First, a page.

|Extra Crispy Fried Chicken|
Not long ago my local PBS station started showing Cook’s Country, another cooking program from the producers of America’s Test Kitchen. I happened to catch an episode devoted to fried chicken. I watched, hoping to pick up some helpful tips. The technique used was pretty close to what I was already doing but with a few tweaks.
A Soapbox Rant: I really have a problem with the present obsession with either salting or brining meat. I get tired of almost every pork or poultry recipe in just about every cooking magazine or cooking show starting with salting/brining as the first step. And always accompanied by some sort of phraseology implying that the only way to ensure juicy, tender meat is to salt or brine it. The producers of Cook’s Country and Cook’s Illustrated magazines and the America’s Test Kitchen TV show are in that camp. So, of course, their fried chicken recipe begins with a buttermilk/salt brine. Naturally, I stuck with my tried and true plain buttermilk soak.
However, the recipe also included an interesting twist. The recipe testers discovered that the addition of a dribble of buttermilk mixed with the flour produced a crispy coating with delicious crunchy bits. I gave the technique a try and was quite pleased with the results. Since then, I’ve made the fried chicken two additional times, using various bone-in cuts. The recipe produces a really crispy and crunchy fried chicken. And juicy too! Even without brining in a salt solution. (By the way, the real key to tender, juicy meat is to not overcook it. Pretty simple! A good instant probe thermometer is a valuable tool.) Here’s my adaptation of the Cook’s Country recipe:
Extra-Crunchy Fried Chicken
2 cups buttermilk plus 6 additional tablespoons (I use Knudsen brand, a very low sodium product)
1 whole chicken, about 3 1/2 pounds, cut into 8 pieces (I usually fry bone-in thighs or sometimes boneless, skinless breasts)
3 cups all-purpose flour
2 teaspoons no sodium baking powder (I use Hain Featherweight)
3/4 teaspoon dried thyme
1/2 teaspoon ground black pepper
1/4 teaspoon garlic powder
Vegetable oil (I use only about ¼ - ⅓ inch of oil)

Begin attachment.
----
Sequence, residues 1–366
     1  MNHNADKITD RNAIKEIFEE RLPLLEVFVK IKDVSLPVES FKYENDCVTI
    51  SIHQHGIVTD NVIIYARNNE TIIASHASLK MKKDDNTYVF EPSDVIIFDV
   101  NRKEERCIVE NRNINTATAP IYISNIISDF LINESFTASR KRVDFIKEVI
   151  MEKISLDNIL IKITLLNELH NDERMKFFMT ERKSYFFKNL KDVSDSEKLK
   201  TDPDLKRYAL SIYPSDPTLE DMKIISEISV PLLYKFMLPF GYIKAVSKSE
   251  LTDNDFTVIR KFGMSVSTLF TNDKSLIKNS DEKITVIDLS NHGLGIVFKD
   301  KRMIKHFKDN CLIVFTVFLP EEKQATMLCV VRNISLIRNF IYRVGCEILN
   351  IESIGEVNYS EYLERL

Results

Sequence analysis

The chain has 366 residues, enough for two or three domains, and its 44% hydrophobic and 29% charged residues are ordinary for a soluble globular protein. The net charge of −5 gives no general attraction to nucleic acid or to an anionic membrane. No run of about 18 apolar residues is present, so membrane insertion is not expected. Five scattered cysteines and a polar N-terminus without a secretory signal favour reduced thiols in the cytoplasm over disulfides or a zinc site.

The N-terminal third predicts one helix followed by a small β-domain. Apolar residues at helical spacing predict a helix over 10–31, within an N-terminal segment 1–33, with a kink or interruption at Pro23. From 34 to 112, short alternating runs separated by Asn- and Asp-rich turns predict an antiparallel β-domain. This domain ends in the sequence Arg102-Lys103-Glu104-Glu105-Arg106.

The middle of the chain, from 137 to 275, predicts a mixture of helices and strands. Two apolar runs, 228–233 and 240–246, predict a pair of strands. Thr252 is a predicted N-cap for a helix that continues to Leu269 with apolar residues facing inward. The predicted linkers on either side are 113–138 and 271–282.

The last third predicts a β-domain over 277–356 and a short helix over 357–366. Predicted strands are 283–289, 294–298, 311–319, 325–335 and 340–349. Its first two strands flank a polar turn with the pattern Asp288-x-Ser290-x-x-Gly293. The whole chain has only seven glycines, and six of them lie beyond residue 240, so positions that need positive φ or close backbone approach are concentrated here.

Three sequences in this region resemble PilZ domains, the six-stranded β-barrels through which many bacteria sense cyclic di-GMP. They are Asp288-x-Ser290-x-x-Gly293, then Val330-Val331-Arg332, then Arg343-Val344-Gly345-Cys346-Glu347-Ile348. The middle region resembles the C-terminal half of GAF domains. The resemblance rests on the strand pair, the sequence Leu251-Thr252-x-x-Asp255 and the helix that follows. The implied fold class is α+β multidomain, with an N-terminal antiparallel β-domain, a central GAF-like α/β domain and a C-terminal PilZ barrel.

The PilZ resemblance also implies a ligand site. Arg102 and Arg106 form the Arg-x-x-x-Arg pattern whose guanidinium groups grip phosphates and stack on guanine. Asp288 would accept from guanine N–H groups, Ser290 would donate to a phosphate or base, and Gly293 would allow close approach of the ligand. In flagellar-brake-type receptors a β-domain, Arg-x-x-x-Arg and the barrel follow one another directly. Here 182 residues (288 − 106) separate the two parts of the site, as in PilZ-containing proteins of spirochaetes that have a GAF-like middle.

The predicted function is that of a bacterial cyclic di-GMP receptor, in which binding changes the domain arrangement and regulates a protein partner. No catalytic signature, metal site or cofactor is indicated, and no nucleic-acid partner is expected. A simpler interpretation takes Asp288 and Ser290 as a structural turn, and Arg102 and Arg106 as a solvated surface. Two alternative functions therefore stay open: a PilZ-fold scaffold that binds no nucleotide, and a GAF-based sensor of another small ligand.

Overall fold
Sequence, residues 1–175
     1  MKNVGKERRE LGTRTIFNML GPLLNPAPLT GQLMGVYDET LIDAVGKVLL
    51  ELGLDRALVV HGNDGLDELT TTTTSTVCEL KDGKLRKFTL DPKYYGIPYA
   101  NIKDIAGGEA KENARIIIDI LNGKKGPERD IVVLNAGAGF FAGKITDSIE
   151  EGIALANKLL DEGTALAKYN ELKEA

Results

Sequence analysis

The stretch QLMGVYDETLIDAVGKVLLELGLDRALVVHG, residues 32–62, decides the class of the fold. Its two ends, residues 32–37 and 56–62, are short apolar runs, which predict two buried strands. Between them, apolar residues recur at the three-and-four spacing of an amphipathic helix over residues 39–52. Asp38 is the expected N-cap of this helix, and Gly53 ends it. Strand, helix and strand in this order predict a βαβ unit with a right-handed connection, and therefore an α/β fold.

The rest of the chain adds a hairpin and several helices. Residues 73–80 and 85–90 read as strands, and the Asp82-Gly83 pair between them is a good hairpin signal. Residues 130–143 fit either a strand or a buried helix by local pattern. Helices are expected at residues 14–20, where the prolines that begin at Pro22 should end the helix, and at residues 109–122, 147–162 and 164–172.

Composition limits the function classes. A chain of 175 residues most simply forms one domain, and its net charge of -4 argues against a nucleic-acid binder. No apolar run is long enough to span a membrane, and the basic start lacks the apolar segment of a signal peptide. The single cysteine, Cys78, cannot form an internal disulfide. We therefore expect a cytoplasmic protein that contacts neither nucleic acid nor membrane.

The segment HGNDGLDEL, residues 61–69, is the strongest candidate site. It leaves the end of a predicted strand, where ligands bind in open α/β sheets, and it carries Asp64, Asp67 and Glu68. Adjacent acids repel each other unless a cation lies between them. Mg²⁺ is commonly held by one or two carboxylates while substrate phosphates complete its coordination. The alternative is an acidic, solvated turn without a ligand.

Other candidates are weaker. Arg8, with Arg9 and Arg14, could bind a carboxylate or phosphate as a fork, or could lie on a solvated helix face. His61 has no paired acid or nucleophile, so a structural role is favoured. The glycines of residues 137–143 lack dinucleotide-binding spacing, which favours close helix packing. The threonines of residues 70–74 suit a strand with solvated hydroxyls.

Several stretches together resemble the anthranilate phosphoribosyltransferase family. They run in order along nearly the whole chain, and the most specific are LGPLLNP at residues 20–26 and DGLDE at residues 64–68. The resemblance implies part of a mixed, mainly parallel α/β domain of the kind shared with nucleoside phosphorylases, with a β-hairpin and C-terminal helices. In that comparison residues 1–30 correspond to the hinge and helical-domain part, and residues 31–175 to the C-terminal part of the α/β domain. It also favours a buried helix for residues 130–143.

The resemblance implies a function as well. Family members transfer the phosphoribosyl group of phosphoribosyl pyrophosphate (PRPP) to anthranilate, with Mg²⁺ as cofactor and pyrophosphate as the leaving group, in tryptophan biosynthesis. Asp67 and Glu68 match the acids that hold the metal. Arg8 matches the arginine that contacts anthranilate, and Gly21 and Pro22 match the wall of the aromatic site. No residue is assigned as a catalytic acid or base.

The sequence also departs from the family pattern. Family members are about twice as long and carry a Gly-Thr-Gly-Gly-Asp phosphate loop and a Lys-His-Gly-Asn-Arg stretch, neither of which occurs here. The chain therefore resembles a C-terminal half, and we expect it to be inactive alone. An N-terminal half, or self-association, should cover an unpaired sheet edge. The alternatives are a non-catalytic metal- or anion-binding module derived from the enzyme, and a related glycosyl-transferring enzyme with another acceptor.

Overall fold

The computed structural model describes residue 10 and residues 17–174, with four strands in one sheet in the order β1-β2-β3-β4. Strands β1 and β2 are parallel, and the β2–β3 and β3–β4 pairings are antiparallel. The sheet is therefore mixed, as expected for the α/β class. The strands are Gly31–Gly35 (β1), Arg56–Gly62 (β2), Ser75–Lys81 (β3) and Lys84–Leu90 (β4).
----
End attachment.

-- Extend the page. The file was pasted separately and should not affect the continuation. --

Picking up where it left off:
|Crispy, Crunchy, and Delicious!|
1. Combine 2 cups buttermilk and chicken pieces in large bowl and stir to coat; cover bowl with plastic and refrigerate for 1 hour. (I use enough buttermilk to completely cover the chicken pieces and season it with a dash of Tabasco. I let the chicken soak for at least two hours.)
2. Whisk flour, baking powder, thyme, pepper, and garlic powder together in large bowl. Add remaining 4 - 6 tablespoons buttermilk; with your fingers rub flour and buttermilk together until buttermilk is evenly incorporated into flour and mixture resembles coarse wet sand.
3. Working in batches, drop chicken pieces into flour mixture and turn to thoroughly coat, gently pressing flour mixture onto chicken. Shake excess flour from each piece of chicken and transfer to wire rack set over rimmed baking sheet.
4. Heat oil in large heavy-bottomed Dutch oven or skillet with 11-inch diameter over medium-high heat until it reaches 375 degrees. [I use a straight-sided frying pan and pour in only about ¼ - ⅓ inch of oil. I don’t use a thermometer.] Place chicken pieces, skin-side down, in oil, cover, and fry until deep golden brown, 8 to 10 minutes. Remove lid after 4 minutes and lift chicken pieces to check for even browning; rearrange if some pieces are browning faster than others. Adjust burner, if necessary, to regulate temperature of oil. Turn chicken pieces over and continue to fry, uncovered, until chicken pieces are deep golden brown on second side, 6 to 8 minutes longer. At this point, to keep chicken from browning too quickly, you may want to turn the heat down a bit. Using tongs, transfer chicken to plate lined with paper towels; let stand for 5 minutes to drain. Serve.
Update: I've found that I get almost the same result by putting all my flour in a plastic bag and dropping the buttermilk soaked chicken pieces in individually. A couple a shakes and then a quick massage in the bag keeps my hands cleaner yet still gets the bits of flour/buttermilk clumps on the chicken pieces.